From CreationWiki, the encyclopedia of creation science
Amines are organic compounds and functional groups that contain a basic nitrogen atom with a lone pair. Amines can be thought of as alkyl derivatives of ammonia. An amino compound has an amino or amine group (NH2) bound to its chain at any point. The amino acids are a key subset of the amino family, having the general graphic formula NH2CHRCOOH (where R can also be H; the result is glycine, the simplest of the amino acids). Amines are preferably named by adding the suffix -amine to the name of the parent radical.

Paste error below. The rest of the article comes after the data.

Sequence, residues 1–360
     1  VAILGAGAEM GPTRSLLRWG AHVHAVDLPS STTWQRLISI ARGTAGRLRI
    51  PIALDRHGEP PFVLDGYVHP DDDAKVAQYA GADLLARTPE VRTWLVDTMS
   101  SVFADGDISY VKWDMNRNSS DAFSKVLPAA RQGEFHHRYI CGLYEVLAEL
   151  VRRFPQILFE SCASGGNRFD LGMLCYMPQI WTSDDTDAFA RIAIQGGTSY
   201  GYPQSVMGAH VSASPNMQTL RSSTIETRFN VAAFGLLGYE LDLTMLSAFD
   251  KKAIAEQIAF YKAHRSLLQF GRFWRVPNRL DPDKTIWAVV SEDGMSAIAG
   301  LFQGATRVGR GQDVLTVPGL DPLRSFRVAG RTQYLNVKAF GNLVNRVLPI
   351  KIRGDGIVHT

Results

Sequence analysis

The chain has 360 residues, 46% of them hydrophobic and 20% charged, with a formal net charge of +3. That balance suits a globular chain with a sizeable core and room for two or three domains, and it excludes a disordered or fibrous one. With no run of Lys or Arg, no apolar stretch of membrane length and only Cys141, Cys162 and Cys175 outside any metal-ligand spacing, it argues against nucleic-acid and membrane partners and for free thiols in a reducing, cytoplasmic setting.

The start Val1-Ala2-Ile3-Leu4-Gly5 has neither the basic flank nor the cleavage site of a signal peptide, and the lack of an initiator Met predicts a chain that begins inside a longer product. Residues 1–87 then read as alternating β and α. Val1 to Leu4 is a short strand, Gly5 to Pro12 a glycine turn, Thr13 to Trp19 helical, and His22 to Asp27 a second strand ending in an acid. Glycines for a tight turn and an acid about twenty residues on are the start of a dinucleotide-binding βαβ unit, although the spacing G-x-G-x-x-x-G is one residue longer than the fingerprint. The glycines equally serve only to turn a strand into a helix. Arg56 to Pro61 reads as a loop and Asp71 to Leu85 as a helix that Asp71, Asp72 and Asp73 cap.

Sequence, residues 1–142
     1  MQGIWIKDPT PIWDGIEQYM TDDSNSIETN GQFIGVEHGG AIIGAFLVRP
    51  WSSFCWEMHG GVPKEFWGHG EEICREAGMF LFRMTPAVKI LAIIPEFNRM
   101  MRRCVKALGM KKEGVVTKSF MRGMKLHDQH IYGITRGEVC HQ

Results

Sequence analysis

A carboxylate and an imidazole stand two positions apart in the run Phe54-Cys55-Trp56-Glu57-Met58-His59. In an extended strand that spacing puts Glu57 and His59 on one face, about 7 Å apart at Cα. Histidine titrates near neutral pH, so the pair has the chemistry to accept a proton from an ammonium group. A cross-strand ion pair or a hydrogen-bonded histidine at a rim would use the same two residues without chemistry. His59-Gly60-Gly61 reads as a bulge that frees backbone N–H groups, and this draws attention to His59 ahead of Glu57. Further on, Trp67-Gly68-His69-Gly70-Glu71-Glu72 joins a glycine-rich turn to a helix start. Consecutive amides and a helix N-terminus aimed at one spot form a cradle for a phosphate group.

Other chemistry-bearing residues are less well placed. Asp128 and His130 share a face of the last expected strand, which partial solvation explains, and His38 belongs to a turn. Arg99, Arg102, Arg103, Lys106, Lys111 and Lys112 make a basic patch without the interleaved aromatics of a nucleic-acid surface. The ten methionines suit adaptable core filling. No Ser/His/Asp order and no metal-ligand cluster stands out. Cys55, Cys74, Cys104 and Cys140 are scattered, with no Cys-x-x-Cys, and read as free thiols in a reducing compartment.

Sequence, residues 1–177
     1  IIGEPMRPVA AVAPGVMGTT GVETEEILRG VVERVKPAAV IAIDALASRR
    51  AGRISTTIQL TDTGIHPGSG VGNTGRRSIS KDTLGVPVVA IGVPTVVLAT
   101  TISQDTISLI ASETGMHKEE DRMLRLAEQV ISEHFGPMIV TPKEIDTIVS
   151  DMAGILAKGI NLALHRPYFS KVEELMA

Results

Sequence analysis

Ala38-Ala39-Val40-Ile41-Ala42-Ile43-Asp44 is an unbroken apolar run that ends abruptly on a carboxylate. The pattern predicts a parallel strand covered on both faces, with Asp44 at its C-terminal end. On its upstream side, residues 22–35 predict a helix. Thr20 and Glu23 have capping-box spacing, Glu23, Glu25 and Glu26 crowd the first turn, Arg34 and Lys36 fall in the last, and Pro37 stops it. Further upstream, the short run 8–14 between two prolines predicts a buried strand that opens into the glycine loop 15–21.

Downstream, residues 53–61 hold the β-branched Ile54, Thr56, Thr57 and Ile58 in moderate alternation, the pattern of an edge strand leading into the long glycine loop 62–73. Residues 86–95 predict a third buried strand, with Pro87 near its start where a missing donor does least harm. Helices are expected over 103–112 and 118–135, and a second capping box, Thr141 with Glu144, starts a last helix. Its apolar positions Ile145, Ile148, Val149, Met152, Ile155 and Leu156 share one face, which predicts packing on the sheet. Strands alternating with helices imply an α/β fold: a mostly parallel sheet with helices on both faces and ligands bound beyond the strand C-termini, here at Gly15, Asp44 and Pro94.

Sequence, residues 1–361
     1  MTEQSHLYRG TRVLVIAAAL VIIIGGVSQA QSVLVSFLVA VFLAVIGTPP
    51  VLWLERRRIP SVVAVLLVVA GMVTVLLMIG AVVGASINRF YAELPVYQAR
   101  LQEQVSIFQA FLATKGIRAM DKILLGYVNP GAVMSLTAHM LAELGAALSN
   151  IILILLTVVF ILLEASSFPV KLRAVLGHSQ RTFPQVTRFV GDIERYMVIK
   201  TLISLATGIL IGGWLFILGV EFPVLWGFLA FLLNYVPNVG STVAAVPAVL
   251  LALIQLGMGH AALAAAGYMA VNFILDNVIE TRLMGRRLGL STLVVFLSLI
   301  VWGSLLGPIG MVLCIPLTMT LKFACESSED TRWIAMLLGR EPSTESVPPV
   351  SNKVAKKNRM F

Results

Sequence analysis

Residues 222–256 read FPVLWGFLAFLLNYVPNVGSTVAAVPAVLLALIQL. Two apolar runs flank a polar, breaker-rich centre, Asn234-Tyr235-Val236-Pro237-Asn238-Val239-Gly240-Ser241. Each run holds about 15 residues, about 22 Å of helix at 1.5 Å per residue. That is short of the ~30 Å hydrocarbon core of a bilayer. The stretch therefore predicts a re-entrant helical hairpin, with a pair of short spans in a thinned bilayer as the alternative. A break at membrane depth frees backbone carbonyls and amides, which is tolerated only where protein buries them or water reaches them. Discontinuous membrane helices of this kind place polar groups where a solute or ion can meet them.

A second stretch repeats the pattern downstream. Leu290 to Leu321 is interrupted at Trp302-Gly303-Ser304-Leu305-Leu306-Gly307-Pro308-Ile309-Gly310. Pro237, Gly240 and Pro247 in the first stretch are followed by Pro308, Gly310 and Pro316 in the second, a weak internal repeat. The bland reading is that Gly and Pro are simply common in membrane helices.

General structure of primary amine
General structure of secondary amine
General structure of tertiary amine
- ↑ Gokel, George W (2003). Dean's Handbook of Organic Chemistry (2nd ed.). New York: McGraw-Hill. p. 1.29. ISBN 978-0-07137593-1.